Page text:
Every new year brings changes to the way life in Michigan is lived. People get older, new businesses open and suffering ones close down, and laws change. Sometimes it’s existing laws that get adapted, and sometimes it’s completely new laws that get introduced to address things that were never illegal before. And 2019 is no different – a series of new pieces of legislation, most passed in 2018, are going into effect now that 2019 is here. So if you’re wondering what new laws may affect your future, here’s a basic breakdown:
Cyberbullying is a growing problem. With the speed at which stories can spread, and the lack of self control so many people exhibit when watching things made available to them, cyberbullying has been held responsible for numerous teen suicides. However being a cyber bully is no longer legal in Michigan. Anyone using the internet to shame or bully someone here in Michigan could now get charged with a misdemeanor, earning them up to 93 days in the county lock up, or a fine of up to $500, or both. Repeat cyber bullies are facing larger fines and longer jail times.
Animal abuse might sound like something out of a horror movie, but it’s actually more common that many people realize, especially here in Michigan. In the past there has been a great deal of controversy about the fact that Michigan didn’t punish animal abusers harshly enough. Now new laws were passed to address that. Michigan House Bill 4332 established first, second and third degrees of killing and torturing animals, and raised the maximum penalty from four years in prison to 10. The new law also created a new category for people who neglect 25 or more animals at one time, which allows the law to specifically address breeders and pet shop operators. Animal abuse is now a big time felony in our state.
A package of bills aimed at addressing school safety was signed into law at the end of 2018. Although several of them deal with issues like making emergency operation plans mandatory, and requiring schools to provide emergency contact information to the Michigan State Police, one specific law deals with violence on school grounds. Specifically, school districts and public school academies are required by law to report to our State Police any crimes, acts of violence, and attempted or threatened acts or threats of violence, on or off school grounds (even if they were prevented.)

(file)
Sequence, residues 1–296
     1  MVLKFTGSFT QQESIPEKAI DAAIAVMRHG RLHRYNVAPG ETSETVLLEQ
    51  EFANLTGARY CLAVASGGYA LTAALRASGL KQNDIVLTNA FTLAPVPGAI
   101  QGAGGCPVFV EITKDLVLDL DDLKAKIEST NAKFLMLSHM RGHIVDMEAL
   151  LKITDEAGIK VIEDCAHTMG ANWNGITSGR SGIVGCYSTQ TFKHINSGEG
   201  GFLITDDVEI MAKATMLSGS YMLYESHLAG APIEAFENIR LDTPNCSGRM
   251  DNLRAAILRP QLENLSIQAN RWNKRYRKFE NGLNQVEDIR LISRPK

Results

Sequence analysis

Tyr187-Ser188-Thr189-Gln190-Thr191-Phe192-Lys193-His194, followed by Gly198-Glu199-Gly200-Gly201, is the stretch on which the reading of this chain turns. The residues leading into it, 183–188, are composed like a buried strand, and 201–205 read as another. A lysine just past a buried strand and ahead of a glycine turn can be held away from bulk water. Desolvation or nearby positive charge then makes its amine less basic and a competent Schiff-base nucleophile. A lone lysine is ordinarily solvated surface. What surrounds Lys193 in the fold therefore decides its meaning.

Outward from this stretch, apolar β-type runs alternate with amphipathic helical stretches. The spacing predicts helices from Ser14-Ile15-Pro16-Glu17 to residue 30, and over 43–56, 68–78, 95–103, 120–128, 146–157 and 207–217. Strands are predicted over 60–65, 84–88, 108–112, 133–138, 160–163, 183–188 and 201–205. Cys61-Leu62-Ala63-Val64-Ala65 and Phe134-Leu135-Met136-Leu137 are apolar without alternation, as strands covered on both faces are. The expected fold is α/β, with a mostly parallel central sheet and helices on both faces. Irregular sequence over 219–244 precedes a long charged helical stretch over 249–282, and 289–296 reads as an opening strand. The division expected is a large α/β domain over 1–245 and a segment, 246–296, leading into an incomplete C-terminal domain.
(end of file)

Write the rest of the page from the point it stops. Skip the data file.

Although the law making recreational marijuana legal in Michigan (officially known as the Michigan Regulation and Taxation of Marijuana Act) was passed at the end of 2018, we thought it was worth mentioning because it only went into effect in December. This law makes it legal for anyone in Michigan over the age of 21 to grow and smoke weed, but not to buy or sell it. As for quantities, the new law makes it legal to grow up to 12 plants in your home, store up to 10 ounces, and carry up to 2.5 ounces with you, as long as you’re not on school grounds or on federal property.(Keep in mind that our National Parks are federal property so ditch your weed before you go there.)
Changes in law can mean mistakes and misunderstandings
So far, 2019 is shaping up to be an interesting year. If you’re under investigation for, or have been charged with, violating any Michigan law, call our top criminal defense attorneys at The Kronzek Firm to discuss your unique situation. We’re available 24/7, including holidays, at 866 766 5245 to help you sort out your legal troubles. Our trusted criminal defense team has been helping people in the lower peninsula of Michigan for over a quarter of a century. Lots of our clients call us Michigan’s best criminal defense attorneys. .